Lou Borgelt: A motoring life
Louis Archibald Bogelt is synonymous with the South Australian motor and motorcycle trade, having held the importing and distribution rights for several high profile brands, notably Velocette in a very long career. ‘Lou’ as he was always called, was born in Adelaide in 1893 and spent his early years on his father’s farm at Woorak near Nhill, Victoria. In 1899 the family moved to West Marden and Lou attended East Adelaide State School, but left at age 14 to start work as a messenger boy at the New York Import Company, travelling to work on the horse-drawn tramcars. From there he took up a position as a cycle builder and repairer with the Wyatt Motoria Emporium in Adelaide, earning the sum of seven shilling and sixpence (75 cents) per week.
“I learned this trade very quickly and soon was able to build my own motor cycle and sidecar with components from the U.K. I also built a 4-wheel cycle car with a JAP 8hp v-twin engine – it was belt-driven from one rear wheel. In 1915 when business was bad generally, I left the Wyatt Motoria. My wage was £2/15/- a week (by law). I bought a 4-gallon tin of petrol from (owner of Wyatt’s) Mr Garrood and a quantity of cycle and motor cycle components from J.N. Taylor & Co., and set off and started business at 141 Magill Road Maylands. I was 22 years of age then.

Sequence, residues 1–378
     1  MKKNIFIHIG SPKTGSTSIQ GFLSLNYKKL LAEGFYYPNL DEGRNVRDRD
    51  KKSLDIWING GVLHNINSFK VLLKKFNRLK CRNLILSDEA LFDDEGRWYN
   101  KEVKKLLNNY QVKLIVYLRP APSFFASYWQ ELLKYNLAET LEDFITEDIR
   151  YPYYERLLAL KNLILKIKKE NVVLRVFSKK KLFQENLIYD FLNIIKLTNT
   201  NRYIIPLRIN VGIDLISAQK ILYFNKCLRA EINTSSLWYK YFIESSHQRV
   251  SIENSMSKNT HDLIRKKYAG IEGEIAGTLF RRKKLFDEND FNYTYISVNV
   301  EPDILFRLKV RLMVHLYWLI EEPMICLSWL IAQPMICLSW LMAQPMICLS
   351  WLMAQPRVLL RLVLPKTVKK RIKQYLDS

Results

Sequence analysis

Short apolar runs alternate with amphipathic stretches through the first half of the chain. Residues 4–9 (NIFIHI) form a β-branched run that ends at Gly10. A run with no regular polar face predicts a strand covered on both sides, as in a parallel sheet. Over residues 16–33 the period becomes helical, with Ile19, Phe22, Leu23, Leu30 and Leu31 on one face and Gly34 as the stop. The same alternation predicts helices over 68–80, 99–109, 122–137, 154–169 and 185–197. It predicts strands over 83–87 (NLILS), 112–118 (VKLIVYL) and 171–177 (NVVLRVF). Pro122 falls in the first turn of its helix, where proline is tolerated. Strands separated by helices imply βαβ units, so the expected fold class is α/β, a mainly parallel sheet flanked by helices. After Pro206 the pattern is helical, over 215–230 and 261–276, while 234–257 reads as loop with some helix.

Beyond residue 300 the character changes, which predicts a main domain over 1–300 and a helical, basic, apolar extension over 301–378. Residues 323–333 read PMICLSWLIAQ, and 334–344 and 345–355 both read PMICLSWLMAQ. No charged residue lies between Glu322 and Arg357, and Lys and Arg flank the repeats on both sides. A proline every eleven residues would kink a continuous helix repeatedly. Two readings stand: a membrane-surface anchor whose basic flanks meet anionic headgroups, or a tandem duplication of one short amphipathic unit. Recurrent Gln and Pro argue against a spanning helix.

“In 1922 with the late Ben Otto I made a visit to the U.K. by ship where we visited the annual Motor Cycle Show at Hammersmith. I was given the sole distributorship for New Imperial motorcycles for South Australia and the Northern Territory. We spent six weeks on the Continent, visiting various factories…and returned home via USA, Canada and New Zealand in the same week as my first shipment of motor cycles arrived at Port Adelaide. I became the Velocette distributor for South Australia in 1926.”
Borgelt broke a leg while racing a sidecar outfit at Gawler in 1924, and this injury made him decide to branch out into the automotive business, as well as continuing with motor cycles. He gained the Overland distributorship for SA – a direct competitor to Chevrolet and Ford, and later gained the Morris franchise. During WW2 he sold new and used motorcycles to the Australian Defence Department, and resumed with Morris once supplies became available again post-war.
In 1956, after 41 years in the motor business at the same address, he retired and sold the business to two former employees, Dick Castle and Max Shrowder, and occupied his time fund raising to build a nursing home for the aged in Glynde. He died in 1981.